For the presidential election, Aaron said he’s decided on Bernie Sanders.
He made note of Sanders’ evolving stance on gun control. Up until the last few years, he’s pushed a little more conservative on gun control vocalizing his support for an assault weapon ban. Aaron said it’s because the candidate is trying to win the election, and historically he didn't support gun control.
“I can’t chalk up the bigger picture of policies even if I disagree with that one — and I strongly disagree with it. Am I going to steal universal healthcare away from children? It seems like an amoral choice,” Aaron said.
He said it’s the populous areas that drive policy, and that it’s important for voters not to hang their hat completely on wedge issues, when they could be focused on health care, wages and education.
“This one wedge issue really drives a split and the ability to talk about important issues,” he said. “I think this election is going to focus on firearms. It’ll be a red herring and have nothing to do with things that matter to everyday people. Leave our rights alone and focus on improving our lives.”
‘People should be able to own things as long as they don’t negatively impact others.’
Sergey Solyanik is originally from the Soviet Union. He didn’t own guns until 2007, when Solyanik came across an old Soviet military rifle that was featured in the films of his childhood. It was $80 and it was his first.
Now Solyanik, owner of Precise Shooter and a Microsoft developer, has an impressive collection of more than 1,000 guns, mostly World War I and World War II vintage military rifles.
“Like I said, I collect guns for me,” Solyanik said, adding that he enjoys target shooting.
Solyanik said there’s a disparity in the way guns are presented in mass media and the way guns really are.
He said in his experience, guns are not very accurate, and that the zombie films that showcase action stars landing shots in a fully-automatic mode as they run away, is not how things work in real life.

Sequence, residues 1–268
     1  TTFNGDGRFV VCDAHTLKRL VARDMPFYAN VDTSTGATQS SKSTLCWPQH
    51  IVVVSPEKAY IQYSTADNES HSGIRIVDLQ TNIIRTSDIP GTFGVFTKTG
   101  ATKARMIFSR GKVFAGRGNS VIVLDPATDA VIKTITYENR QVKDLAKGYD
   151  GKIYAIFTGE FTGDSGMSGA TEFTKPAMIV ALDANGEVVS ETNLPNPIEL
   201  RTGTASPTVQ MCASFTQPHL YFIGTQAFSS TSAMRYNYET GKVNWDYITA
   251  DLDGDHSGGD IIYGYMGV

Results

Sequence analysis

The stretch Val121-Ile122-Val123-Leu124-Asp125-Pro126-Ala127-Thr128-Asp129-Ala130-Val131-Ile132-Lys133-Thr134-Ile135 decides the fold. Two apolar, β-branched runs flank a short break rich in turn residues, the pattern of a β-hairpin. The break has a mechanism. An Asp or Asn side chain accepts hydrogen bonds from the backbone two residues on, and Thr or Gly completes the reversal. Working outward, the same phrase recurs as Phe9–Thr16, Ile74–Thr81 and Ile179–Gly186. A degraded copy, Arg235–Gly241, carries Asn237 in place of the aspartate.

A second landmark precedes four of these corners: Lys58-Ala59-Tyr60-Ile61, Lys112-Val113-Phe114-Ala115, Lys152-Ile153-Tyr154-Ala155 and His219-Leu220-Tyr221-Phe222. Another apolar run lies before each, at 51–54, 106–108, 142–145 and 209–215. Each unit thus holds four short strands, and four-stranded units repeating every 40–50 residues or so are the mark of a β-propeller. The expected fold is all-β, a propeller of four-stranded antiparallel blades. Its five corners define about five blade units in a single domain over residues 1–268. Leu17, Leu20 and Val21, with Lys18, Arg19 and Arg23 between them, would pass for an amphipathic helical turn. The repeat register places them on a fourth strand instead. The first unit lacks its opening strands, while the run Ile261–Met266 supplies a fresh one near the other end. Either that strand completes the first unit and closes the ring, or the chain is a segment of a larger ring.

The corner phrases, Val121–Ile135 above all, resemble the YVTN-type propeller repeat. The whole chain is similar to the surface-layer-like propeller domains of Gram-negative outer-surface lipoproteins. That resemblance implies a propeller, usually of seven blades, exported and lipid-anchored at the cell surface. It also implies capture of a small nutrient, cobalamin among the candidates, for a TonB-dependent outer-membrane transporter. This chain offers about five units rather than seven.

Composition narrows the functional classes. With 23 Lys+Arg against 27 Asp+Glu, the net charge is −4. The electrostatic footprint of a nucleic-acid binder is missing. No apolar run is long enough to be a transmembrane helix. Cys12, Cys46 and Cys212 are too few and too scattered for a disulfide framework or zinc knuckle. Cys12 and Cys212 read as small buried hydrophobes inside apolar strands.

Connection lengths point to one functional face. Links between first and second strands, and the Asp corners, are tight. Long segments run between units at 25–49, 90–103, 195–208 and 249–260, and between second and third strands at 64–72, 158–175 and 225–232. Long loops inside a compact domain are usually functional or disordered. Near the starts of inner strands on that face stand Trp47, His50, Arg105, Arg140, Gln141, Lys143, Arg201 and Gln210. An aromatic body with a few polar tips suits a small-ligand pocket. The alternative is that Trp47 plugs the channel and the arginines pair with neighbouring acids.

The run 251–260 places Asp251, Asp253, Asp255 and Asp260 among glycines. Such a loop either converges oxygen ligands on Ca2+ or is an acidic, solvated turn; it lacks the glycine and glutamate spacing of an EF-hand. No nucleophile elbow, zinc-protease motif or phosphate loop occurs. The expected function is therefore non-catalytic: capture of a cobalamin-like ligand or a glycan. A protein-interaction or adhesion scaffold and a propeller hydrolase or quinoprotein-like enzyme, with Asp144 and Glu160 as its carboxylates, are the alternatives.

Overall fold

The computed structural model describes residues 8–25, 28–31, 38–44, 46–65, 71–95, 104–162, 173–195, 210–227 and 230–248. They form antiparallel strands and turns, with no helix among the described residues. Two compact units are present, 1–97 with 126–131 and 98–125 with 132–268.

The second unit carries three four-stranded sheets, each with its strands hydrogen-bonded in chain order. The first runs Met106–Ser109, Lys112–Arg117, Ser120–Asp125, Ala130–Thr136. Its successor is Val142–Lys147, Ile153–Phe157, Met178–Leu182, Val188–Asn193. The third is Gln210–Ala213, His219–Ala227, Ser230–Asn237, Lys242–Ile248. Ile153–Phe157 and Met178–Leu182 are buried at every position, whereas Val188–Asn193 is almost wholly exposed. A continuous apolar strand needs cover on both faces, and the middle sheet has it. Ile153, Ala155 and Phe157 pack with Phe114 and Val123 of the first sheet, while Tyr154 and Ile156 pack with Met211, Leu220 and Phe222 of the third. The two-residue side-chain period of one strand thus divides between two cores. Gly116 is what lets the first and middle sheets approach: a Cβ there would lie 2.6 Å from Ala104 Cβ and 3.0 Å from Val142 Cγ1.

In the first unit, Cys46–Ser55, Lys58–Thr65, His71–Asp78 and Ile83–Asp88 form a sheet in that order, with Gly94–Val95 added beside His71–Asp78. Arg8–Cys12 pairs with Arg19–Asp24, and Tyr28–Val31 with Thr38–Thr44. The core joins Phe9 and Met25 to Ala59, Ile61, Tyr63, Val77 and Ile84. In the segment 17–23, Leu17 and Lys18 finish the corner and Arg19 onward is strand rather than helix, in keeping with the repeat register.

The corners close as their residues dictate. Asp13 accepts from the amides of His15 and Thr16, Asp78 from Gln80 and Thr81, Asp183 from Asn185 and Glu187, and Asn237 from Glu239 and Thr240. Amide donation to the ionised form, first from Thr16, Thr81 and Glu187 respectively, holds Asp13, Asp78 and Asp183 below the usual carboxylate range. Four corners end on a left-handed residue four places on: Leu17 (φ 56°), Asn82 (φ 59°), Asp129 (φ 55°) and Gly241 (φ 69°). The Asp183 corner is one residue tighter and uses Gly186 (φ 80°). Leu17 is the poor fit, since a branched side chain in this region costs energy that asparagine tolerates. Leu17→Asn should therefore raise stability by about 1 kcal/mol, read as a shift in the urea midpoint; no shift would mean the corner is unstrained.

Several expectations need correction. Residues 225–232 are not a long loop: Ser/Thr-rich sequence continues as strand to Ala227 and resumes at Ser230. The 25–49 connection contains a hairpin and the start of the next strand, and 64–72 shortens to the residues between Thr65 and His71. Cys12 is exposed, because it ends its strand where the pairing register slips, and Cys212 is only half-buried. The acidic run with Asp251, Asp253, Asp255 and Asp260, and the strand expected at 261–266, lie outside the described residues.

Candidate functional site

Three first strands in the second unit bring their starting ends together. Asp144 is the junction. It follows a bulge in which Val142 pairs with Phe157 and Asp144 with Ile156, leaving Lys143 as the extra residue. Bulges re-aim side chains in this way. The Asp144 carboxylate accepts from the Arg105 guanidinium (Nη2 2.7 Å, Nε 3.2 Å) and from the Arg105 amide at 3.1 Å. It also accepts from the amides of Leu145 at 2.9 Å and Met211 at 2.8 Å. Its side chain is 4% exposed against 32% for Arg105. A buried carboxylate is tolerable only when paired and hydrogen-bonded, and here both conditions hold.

“Maybe if you spend hundreds of thousands of hours at the range training, maybe then you’ll achieve the level of accuracy seen in movies,” Solyanik said.
And he doesn’t believe gun regulation is effective. He said gun laws are created by people who know little about guns for people who know little about guns. And that there’s a reason why these laws have zero support from police.
“They know it can not possibly be effective,” he said.
Solyanik isn’t a fan of Sanders. He surely doesn’t favor Mike Bloomberg, who co-founded and poured millions into Everytown for Gun Safety, an anti-gun violence organization that has backed gun-safety legislation.
Recently, Solyanik started leaning away from the Democratic Party, despite voting for the party in 2018. He doesn’t see himself voting Democrat in 2020. But he also sees no point in voting for Trump in a state like Washington, which swings blue.
He said he’ll be voting third party come November.
‘Half of my local trans friends have a firearm in their house.’